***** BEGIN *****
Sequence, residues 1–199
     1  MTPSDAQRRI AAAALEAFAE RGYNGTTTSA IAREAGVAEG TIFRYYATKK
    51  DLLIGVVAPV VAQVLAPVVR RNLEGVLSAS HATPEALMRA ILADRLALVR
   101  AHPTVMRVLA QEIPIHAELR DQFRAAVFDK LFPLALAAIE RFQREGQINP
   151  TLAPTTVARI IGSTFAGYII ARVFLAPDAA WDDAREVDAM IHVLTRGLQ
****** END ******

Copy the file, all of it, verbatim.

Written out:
Sequence, residues 1–199
     1  MTPSDAQRRI AAAALEAFAE RGYNGTTTSA IAREAGVAEG TIFRYYATKK
    51  DLLIGVVAPV VAQVLAPVVR RNLEGVLSAS HATPEALMRA ILADRLALVR
   101  AHPTVMRVLA QEIPIHAELR DQFRAAVFDK LFPLALAAIE RFQREGQINP
   151  TLAPTTVARI IGSTFAGYII ARVFLAPDAA WDDAREVDAM IHVLTRGLQ